Toothaches


The Importance of Good Oral Health

The benefits of periodontal health include the absence of infection, improved chewing ability and better overall health. 
Medical research has begun to show that people with periodontal disease may be at significant risk for other diseases.

Heart Disease - Scientists have discovered that people with periodontal disease are almost twice as likely to suffer from coronary artery disease as compared to people without periodontal disease. 

Respiratory Disease - Several of the respiratory diseases such as emphysema, pneumonia and bronchitis can be affected by bacterial contamination from the gums. 

Pregnancy Problems - Pregnant women with periodontal disease may be seven times more likely to have a premature and underweight baby. 

Diabetes - People with diabetes have a greater risk of contracting periodontal disease. Also, new research suggests that a gum infection makes it more difficult to control the blood sugar. 

Did you know...

Research has shown that bacteria that causes periodontal disease can pass through saliva; therefore, children and couples may be at risk of contracting periodontal disease from another family member. 

 

 

 

Online Dental Education Library

Our team of dental specialists and staff strive to improve the overall health of our patients by focusing on preventing, diagnosing and treating conditions associated with your teeth and gums. Please use our dental library to learn more about dental problems and treatments available. If you have questions or need to schedule an appointment, contact us.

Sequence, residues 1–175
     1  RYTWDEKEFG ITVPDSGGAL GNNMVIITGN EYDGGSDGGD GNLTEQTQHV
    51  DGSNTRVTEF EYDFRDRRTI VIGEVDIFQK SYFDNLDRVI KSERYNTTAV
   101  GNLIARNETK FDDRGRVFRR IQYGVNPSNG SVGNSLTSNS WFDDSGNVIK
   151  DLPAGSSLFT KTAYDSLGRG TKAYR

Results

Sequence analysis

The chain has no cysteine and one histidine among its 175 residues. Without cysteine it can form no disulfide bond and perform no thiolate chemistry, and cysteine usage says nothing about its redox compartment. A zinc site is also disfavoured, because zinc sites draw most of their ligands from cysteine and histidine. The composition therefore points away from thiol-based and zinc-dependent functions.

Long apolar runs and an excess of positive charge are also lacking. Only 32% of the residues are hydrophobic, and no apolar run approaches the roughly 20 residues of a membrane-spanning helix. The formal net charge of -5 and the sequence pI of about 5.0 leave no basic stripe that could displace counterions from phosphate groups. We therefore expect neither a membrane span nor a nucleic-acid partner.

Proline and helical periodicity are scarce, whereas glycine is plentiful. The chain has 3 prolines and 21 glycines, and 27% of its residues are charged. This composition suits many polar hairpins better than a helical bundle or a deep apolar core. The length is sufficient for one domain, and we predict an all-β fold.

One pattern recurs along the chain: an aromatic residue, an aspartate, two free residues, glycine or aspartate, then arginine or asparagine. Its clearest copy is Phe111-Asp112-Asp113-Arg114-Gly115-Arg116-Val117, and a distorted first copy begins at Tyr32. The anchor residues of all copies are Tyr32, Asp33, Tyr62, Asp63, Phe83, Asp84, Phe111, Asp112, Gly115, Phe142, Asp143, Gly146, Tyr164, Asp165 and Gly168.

Simple toothaches can often be relieved by rinsing the mouth to clear it of debris and other matter. Sometimes, a toothache can be caused or aggravated by a piece of debris lodged between the tooth and another tooth. Avoid placing an aspirin between your tooth and gum to relieve pain, because the dissolving aspirin can actually harm your gum tissue.

Broken, Fractured, or Displaced Tooth

A broken, fractured or displaced tooth is usually not a cause for alarm, as long as decisive, quick action is taken.

If the tooth has been knocked out, try to place the tooth back in its socket while waiting to see your dentist.

First, rinse the mouth of any blood or other debris and place a cold cloth or compress on the cheek near the injury. This will keep down swelling.

If you cannot locate the tooth back in its socket, hold the dislocated tooth by the crown - not the root. Next, place it in a container of warm milk, saline or the victim's own saliva and keep it in the solution until you arrive at the emergency room or dentist's office.

For a fractured tooth, it is best to rinse with warm water and again, apply a cold pack or compress. Ibuprofen may be used to help keep down swelling.

If the tooth fracture is minor, the tooth can be sanded or if necessary, restored by the dentist if the pulp is not severely damaged.

If a child's primary tooth has been loosened by an injury or an emerging permanent tooth, try getting the child to gently bite down on an apple or piece of caramel; in some cases, the tooth will easily separate from the gum.